So far, 87 cases of contamination by the English variant (suspected of being more contagious) and four cases of contamination by the South African variant (suspected of being more contagious and of reducing the effectiveness of the vaccine) have been identified in France, according to the Ministry of Health.

If the English variant appears to be responsible for only “1 to 2% of the cases of Covid-19 currently diagnosed in France”, according to Public Health France, it is “inevitable” that this mutant virus will replace the classic coronavirus within two to three months, warned virologist Bruno Lina, who coordinates the mapping of this variant.

In an attempt to stem the epidemic before the variants ramp up, the race against time continues to vaccinate the population. Almost 389,000 people received the first injection.

Monday, the vaccination campaign will be extended to people over 75 years of age who do not live in nursing homes, as well as to people with high-risk pathologies (chronic renal failure, cancer under treatment, etc.).

Friday, 833 centers were “open and accessible for reservation”, assured the Minister of Health Olivier Véran.

However, making an appointment, possible since Thursday morning, is sometimes akin to an obstacle course, even if “more than a million appointments were made on Friday”, according to the Ministry of Health.

New restrictions in the UK

The United Kingdom announced on Friday that it would impose as of Monday, in addition to a negative test for Covid-19, a quarantine on all travelers arriving from abroad, ending the exemptions granted to certain countries, to avoid contamination by new variants.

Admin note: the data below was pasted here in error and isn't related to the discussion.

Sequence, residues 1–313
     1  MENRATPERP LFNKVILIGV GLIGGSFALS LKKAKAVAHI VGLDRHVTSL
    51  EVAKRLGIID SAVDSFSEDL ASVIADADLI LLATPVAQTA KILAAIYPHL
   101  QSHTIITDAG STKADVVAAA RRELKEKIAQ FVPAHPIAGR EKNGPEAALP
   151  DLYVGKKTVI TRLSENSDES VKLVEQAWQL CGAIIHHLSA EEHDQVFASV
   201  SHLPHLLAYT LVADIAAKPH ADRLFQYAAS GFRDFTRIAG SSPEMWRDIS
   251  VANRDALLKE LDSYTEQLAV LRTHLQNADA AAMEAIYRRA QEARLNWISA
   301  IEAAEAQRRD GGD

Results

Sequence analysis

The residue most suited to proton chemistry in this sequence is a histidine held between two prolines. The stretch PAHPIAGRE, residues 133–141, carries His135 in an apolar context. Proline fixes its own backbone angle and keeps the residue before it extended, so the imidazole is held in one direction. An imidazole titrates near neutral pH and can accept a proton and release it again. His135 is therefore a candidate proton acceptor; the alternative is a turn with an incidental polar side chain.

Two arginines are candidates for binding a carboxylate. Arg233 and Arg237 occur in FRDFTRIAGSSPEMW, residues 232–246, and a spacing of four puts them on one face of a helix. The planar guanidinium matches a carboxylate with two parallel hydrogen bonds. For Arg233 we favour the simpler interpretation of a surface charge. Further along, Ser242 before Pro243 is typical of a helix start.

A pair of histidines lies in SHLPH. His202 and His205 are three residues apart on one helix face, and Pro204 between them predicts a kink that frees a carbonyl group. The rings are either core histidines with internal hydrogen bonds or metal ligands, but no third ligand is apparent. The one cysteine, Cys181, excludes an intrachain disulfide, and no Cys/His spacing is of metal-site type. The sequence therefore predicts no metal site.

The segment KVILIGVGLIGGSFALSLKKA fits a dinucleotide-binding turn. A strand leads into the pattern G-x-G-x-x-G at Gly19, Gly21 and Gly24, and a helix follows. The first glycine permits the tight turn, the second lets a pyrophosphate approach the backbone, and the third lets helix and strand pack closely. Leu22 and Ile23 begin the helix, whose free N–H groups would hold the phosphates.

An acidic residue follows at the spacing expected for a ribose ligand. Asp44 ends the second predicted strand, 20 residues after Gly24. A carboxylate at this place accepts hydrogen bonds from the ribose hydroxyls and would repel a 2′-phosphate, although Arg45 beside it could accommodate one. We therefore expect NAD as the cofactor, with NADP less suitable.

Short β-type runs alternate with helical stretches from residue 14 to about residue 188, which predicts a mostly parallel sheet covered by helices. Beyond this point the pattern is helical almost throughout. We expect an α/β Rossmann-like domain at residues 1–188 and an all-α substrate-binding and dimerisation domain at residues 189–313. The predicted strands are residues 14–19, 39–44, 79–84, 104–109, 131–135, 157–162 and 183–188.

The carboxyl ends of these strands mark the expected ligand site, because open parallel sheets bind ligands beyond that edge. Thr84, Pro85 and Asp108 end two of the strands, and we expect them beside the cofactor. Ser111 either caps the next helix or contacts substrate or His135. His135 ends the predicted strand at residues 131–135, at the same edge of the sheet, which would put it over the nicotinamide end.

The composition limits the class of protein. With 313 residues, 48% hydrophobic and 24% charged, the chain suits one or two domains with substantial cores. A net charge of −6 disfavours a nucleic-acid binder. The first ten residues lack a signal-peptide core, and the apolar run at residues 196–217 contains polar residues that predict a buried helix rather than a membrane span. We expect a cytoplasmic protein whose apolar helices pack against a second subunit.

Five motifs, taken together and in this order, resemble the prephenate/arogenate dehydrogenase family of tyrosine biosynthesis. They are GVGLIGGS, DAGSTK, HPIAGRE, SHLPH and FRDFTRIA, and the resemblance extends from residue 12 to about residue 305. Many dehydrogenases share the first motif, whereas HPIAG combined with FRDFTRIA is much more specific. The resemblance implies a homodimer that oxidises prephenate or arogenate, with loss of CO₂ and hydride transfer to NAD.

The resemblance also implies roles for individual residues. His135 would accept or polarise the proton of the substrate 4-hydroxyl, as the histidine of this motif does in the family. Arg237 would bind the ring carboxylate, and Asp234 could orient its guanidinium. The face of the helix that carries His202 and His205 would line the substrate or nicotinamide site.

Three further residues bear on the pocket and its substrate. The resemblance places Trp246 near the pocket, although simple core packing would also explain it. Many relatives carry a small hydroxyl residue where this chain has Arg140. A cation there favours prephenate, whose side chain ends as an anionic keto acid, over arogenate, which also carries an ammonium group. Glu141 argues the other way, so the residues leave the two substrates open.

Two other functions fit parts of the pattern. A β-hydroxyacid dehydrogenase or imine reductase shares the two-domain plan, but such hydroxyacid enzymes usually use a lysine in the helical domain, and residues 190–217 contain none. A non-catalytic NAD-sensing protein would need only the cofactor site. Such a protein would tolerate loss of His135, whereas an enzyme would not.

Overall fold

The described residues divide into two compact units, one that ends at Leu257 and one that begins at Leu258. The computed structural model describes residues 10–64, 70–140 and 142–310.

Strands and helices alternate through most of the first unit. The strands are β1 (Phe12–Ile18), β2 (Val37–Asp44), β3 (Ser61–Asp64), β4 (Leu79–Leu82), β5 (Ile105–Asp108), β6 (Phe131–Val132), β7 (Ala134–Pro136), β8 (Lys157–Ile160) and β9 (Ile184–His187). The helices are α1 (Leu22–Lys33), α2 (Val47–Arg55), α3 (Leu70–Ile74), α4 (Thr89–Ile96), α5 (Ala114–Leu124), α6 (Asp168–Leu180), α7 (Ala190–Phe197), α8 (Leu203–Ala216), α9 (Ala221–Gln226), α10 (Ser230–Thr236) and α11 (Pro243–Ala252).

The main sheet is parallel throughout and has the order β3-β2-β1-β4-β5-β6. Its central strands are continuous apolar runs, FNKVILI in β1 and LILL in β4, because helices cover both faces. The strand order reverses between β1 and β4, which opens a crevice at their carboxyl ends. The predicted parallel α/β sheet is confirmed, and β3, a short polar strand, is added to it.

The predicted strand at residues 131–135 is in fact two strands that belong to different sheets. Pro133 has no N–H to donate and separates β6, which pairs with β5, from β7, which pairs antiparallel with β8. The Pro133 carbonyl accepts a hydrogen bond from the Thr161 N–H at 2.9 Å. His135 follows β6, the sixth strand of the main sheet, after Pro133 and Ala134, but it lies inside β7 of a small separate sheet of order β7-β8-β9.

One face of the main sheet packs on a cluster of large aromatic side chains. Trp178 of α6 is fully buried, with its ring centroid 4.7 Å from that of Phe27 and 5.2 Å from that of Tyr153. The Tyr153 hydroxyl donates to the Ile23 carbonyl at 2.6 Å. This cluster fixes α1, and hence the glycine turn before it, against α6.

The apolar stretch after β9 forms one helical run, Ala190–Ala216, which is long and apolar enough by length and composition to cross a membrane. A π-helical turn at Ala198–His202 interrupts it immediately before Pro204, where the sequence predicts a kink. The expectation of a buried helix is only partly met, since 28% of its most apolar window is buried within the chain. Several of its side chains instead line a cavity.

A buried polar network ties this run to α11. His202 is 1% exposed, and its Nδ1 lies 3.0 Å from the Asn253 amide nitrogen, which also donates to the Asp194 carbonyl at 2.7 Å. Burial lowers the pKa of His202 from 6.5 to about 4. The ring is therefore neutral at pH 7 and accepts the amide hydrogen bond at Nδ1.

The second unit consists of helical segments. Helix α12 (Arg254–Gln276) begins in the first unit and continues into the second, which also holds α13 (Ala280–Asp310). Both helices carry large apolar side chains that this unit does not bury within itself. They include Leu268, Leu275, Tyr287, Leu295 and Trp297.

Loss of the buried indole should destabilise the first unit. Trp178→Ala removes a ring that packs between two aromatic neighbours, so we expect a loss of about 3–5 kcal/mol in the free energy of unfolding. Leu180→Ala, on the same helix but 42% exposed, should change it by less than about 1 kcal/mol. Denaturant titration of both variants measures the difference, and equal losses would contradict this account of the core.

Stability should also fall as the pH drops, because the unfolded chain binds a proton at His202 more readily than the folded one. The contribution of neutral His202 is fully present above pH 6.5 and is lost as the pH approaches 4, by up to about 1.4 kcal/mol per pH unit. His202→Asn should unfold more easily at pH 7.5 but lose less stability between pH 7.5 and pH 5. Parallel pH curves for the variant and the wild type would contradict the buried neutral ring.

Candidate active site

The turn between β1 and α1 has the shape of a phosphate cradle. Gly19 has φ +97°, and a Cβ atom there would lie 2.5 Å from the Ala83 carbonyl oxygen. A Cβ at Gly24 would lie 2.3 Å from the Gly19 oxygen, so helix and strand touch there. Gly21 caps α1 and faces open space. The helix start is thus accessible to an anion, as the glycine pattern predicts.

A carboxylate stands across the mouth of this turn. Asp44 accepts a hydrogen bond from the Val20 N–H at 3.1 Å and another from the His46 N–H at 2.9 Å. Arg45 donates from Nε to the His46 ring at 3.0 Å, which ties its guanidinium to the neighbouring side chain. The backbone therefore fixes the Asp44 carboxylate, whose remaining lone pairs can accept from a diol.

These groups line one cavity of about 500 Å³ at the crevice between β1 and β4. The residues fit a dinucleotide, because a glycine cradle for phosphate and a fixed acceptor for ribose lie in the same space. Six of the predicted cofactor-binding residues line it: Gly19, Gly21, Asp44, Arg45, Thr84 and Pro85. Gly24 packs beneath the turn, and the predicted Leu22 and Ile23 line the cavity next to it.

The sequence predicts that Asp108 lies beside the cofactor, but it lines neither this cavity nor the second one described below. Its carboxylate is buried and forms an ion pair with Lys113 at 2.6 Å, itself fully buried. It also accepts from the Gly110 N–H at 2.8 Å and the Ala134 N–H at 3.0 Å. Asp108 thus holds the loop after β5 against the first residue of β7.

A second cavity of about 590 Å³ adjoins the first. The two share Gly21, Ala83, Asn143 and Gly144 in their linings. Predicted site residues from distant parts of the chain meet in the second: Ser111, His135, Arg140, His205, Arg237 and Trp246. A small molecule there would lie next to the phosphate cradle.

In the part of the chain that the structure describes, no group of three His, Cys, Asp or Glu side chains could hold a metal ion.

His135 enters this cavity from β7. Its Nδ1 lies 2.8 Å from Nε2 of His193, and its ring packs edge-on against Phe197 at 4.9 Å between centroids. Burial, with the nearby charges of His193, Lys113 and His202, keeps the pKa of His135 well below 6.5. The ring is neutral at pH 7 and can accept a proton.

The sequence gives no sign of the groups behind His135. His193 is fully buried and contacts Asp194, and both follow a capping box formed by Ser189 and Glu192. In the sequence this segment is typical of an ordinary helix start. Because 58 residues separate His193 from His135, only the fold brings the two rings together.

The UK is hit hard by a second wave of the epidemic, the virulence of which is attributed to a variant of the new coronavirus identified in the country has resulted in a third lockdown.

Criticized for its handling of the crisis, Boris Johnson’s government is focusing its efforts on mass vaccination. More than 3.2 million people have already received a first dose of the vaccine.

Anyone arriving in the United Kingdom will therefore have to remain confined for ten days, a period that can be shortened with a negative screening carried out at least five days after arrival.

Boris Johnson called on the British to strictly adhere to the containment in force to stem the surge in cases.

Images of densely visited parks in recent days have prompted authorities to reiterate their calls for caution. In one of these parks, in Leeds (North of England), hundreds of people took part in a giant snowball fight Thursday afternoon.

Even though the number of new cases has fallen since containment, the United Kingdom has recorded nearly 56,000 in 24 hours according to the latest report released on Friday.

The number of people hospitalized, more than 37,000, continues to climb and has far exceeded the peak of the first wave.

More than 87,000 people died within 28 days of being tested positive for the coronavirus (+1,280), the worst toll in Europe.

Next week, the number of people hospitalized and dead “will continue to increase”, anticipates Professor Chris Whitty, chief medical officer for England, because the effects of the confinement “take some time to be felt”.

With AFP